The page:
Brian Brake is regarded as New Zealand's most successful international photographer. But before heading overseas to work for photo agency Magnum and snapping iconic shots of Picasso and the Monsoon series for Life magazine, he was also an accomplished composer of moving images. He shot or directed many classic films for the NFU, including NZ's first Oscar-nominated film.
Nice One has become a legend in New Zealand children's TV: with the show's signature theme tune ('Nice one Stu!') and Stu's thumbs-up salute, totemic for kids of the era. On the show, host Stu Dennison played a cheeky pony-tailed schoolboy who delighted children and infuriated adults with his irreverent antics. Dennison developed the persona in live segments on Ready to Roll, before transporting him to his own after-school programme, filmed at Avalon Studios for TV One. Nice One also featured cooking (with Alison Holst), craft, singing and plenty of humour.
After-school show Nice One was a popular classic of NZ childrens television, with the show's signature theme tune ("Nice one Stu-y!") and Stu's thumbs-up salute, totemic for kids of the 70s. Host Stu Dennison played a cheeky, long-haired schoolboy who delighted children and infuriated adults with his irreverent antics. But Dennison developed the persona in short live segments for Ready to Roll (shot live at Avalon Studios, excerpted here). Prototype Stu is seen being a truant, reciting rude poetry, singing 10cc and ribbing Roger Gascoigne and 70s metrosexuals.
Television presenter Bob Parker went on to become mayor of New Zealand's second largest city. After starting out as a continuity announcer for TV One, Parker hosted a number of live TV shows including Telethon, Young Farmer of the Year, the Benson & Hedges Fashion Design Awards and spent 12 years holding the big red book on This is Your Life. In 2007 he was elected Mayor of Christchurch, leaving the role in 2013.
Dougal Stevenson started his broadcasting career as a continuity announcer, before moving into newsreading. He quickly became one of our most respected news anchors, initially with DNTV-2 in Dunedin, and then nationally. He left newsreading with the restructure of TVNZ that saw the news moving to Auckland, and has subsequently hosted and narrated a number of TV shows, and dabbled in film and television acting.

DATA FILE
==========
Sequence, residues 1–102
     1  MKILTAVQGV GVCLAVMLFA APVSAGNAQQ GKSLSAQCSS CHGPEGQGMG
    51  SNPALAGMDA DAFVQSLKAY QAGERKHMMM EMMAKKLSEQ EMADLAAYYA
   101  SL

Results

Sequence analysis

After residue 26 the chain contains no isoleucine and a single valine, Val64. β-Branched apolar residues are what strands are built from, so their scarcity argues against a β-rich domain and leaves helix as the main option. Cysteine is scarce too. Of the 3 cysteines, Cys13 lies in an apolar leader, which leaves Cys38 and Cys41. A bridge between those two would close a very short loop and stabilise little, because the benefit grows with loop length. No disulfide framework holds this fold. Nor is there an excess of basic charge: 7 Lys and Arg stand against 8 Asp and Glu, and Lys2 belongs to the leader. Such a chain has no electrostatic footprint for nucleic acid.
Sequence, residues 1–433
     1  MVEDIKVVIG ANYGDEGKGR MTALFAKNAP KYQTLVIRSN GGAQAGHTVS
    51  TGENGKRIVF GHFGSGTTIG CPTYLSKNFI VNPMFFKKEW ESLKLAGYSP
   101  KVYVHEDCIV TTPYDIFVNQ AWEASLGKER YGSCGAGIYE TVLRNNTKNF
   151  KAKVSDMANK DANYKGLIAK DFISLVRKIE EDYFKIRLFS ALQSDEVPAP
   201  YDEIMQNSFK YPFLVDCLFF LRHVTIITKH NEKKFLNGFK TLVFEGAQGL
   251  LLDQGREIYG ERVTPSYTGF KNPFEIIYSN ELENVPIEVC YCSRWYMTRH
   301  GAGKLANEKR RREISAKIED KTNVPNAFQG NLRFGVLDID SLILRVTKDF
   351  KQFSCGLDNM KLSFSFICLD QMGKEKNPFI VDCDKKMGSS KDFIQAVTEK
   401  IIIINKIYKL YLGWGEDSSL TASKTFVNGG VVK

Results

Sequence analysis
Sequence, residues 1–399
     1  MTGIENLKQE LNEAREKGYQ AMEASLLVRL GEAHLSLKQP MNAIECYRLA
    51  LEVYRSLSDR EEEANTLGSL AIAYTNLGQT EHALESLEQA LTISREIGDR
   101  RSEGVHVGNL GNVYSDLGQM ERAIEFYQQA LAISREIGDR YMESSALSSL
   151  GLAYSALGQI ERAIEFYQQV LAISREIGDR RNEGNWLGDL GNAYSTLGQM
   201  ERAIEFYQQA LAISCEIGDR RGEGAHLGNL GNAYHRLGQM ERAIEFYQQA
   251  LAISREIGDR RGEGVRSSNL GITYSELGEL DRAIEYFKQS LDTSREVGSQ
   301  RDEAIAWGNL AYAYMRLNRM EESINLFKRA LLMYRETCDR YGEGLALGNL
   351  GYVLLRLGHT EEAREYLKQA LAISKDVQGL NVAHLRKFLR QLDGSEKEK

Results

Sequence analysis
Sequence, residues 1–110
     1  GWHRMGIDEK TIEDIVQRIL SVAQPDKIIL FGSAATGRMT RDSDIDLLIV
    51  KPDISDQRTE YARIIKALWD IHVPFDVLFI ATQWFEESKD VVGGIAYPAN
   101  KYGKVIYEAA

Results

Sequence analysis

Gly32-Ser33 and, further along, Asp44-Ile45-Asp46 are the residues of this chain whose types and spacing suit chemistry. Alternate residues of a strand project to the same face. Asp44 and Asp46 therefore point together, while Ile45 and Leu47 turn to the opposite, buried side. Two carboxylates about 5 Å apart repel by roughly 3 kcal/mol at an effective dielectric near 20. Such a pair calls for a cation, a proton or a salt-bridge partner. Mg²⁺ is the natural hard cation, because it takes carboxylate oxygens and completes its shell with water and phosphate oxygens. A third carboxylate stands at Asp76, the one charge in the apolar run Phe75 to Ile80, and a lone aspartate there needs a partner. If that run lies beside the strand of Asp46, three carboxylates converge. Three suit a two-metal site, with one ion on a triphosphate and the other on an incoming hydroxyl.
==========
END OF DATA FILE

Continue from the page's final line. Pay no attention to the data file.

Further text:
Kevan Moore was a driving force behind many of our early TV music shows such as C’Mon, Happen Inn and Freeride. He also produced popular shows Night Sky, Frost Over New Zealand, and magazine show Town and Around. Having helped launch South Pacific Television and become its Head of Production, Moore left broadcasting to set up his own production company.
Popular radio and television personality Jennie Goodwin (aka Jennie Forder) became the first woman in the Commonwealth to read a prime time news bulletin. Beginning as a continuity announcer on TV1, Goodwin moved to the fledgling TV2/SPTV channel in 1975 and read the news on the channel’s Two at Seven bulletin until 1982.
Dougal Stevenson began on television as a continuity announcer, then became one of New Zealand's most respected news anchors.
Roger Gascoigne was at one stage the most famous man on New Zealand television. He began his TV career as a continuity announcer and introduced his infamous wink to the nation. He went on to present a huge range of TV shows in the 70s and 80s including Ready to Roll, Top Town and several Telethons. During the 80s he made the transition to news presenting on regional show Today Tonight.
Actor and musician Madeleine Sami was starring in acclaimed stage plays and acting in Shortland Street, while still a teen. Since then she has appeared in TV drama The Insiders Guide to Happiness, and big screen hit Sione’s Wedding and its sequel. Sami also created quirky comedy series Super City, in which she played multiple roles.